2019 was an exciting year for iOS music apps. Not long after I published my article “Quest for the Best iOS Music Player” early last year, new music players flooded the App Store at breakneck speed. While this was a pleasant suprise, it was certainly unusual; at the end of 2018, the category was more or less stagnant; new music players were exceedingly rare and some of the old guard were wasting away from developer indifference. Not so in 2019! No less than half a dozen brand new apps entered the fray, three of which within the same month of each other1.
With such a breadth of exciting change happening in the iOS music player category, it’s clear a revisit to last year’s article is in order. My personal list of requirements haven’t drastically changed since, but to reiterate, these are the characteristics I value in music players:
Light & dark themes that match iOS 13’s style guides and global theme setting (this is a change from last year’s requirements, reflecting iOS 13’s official dark mode support)
Discovery options that help stimulate music exploration. Examples include but are not limited to views like “Recently Added”, “Added this day X years ago”, etc.
A beautiful or visually engaging “Now Playing” view
Album-focused design, which includes but is not limited to:
The one, true album sorting method (alphabetically by artist then chronologically by release year. Any other sorting method for albums is wrong).
A grid view for improved visual browsing
My “deal-breaker” requirements mostly remained the same as well:
Support for newer iPhone displays (iPhone X & newer). Apps that have not yet been updated to support these display sizes will be immediately disqualified.
Active maintenance (“active” defined as having received a meaningful update within the past year)
A native or native-like app. That means no web apps, lazy Android ports, or apps with badly designed custom components. Apps that are performant and well designed enough to fool me are fair game.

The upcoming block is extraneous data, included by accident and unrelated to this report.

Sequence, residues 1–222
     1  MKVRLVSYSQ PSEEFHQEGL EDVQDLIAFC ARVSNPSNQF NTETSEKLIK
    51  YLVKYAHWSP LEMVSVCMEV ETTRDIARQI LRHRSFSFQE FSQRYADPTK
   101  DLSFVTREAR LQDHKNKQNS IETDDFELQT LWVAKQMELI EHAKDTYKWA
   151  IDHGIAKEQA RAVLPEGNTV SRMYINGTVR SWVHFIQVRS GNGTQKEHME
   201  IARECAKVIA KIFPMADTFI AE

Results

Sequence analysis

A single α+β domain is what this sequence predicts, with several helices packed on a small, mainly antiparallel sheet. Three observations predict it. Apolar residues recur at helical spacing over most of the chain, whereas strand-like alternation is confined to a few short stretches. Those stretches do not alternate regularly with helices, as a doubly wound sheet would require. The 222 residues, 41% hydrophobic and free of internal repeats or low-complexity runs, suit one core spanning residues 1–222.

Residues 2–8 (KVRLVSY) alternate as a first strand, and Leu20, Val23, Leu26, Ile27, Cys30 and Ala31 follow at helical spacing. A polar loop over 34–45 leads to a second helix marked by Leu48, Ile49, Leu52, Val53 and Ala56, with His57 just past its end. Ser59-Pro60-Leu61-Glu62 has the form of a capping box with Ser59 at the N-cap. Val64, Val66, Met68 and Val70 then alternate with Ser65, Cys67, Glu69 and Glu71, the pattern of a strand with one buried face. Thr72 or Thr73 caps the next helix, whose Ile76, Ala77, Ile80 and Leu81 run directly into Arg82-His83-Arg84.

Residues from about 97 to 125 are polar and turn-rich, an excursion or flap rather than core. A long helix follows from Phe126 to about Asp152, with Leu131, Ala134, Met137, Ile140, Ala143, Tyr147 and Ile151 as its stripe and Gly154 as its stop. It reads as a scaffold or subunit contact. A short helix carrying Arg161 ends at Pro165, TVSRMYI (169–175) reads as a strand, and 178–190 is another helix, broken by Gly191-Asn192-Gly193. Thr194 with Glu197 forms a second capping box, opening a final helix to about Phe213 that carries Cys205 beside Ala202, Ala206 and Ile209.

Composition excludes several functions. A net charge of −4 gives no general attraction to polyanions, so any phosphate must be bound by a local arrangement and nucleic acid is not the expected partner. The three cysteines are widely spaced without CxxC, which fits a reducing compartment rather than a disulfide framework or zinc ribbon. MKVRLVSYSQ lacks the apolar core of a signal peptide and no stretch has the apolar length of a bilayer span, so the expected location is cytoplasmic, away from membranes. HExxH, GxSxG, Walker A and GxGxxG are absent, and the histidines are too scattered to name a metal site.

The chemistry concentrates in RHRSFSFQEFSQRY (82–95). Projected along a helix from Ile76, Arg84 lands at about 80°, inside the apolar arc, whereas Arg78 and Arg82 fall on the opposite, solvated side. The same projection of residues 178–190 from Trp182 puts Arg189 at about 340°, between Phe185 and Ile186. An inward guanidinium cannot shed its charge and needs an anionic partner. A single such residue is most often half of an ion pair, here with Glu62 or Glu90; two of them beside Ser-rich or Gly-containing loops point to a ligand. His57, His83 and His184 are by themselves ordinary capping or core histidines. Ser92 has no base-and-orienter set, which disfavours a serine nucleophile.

Local-primary focus, so no stream-focused or stream-exclusive players. Apps that support both local and cloud functionality but work just as well in “local-only” mode are fair game.
This is a revision of the first guide originally published back in August 30, 2019.
This revision contains a myriad of improvements suggested by lifepillar and would not exist without their help. Lifepillar has my heartfelt thanks for their tremendous contribution to this site and the Wireguard community.
The original guide remains available here. Please note that the original guide is no longer the recommended approach and remains available for historical preservation purposes only.
Notice: May 12, 2020
Please be aware that at present the guide's traffic routing instructions route through IPv4 traffic only. That means IPv6-exclusive hosts will be inaccessible to connected peers configured with this guide. An update's in progress to include more comprehensive traffic routing instructions to properly route both IPv4 and IPv6 traffic.
After months of false starts and dead ends, I’m happy to report my Wireguard VPN server is successfully running on macOS.
Wireguard is a relatively new VPN protocol, entering the scene just three short years ago in 2016. Compared to the ancient VPN alternatives like IPSec and OpenVPN, Wireguard’s simplicity and speed quickly earned it the attention and praise of various tech communities like Hacker News and Lobste.rs. Everywhere you look are Wireguard threads filled with enthusiastic comments urging others to give Wireguard a try.
The best part is, they’re right! Compared to the existing lineup of VPN protocols, Wireguard’s small codebase, blazingly fast speed, and relatively simple setup put Wireguard in a league of its own as the first truly modern VPN protocol. There’s just one tiny niggle: the protocol is so young there might be no documentation or guides for your platform of choice.
Unfortunately, that’s the situation I found myself in with macOS when attempting to set up my Wireguard server. Despite extensively reading what’s currently the finest Wireguard documentation available and following its relevant example to a tee, Wireguard would simply not function as expected on macOS. The best I could do was establish a direct connection to the server with Wireguard, but all attempts to access the LAN or surf the web timed out and failed.
Despite numerous attempts over the months, my Google-fu yielded no results, either. While there were plenty of help articles from others setting up Wireguard on macOS, every single one of them was for setting up a Wireguard peer on macOS. This peer was always intended to only connect to a Wireguard server on more common platforms like Ubuntu or CentOS, never the other way around.
However, from my on-and-off research over these past few months I’ve finally cobbled together a solution that’s working. Thus, I intend to fill this hole in the community’s growing collection of documentation and setup guides: here’s what you need to do to get a Wireguard server running on macOS with full traffic routing and LAN access.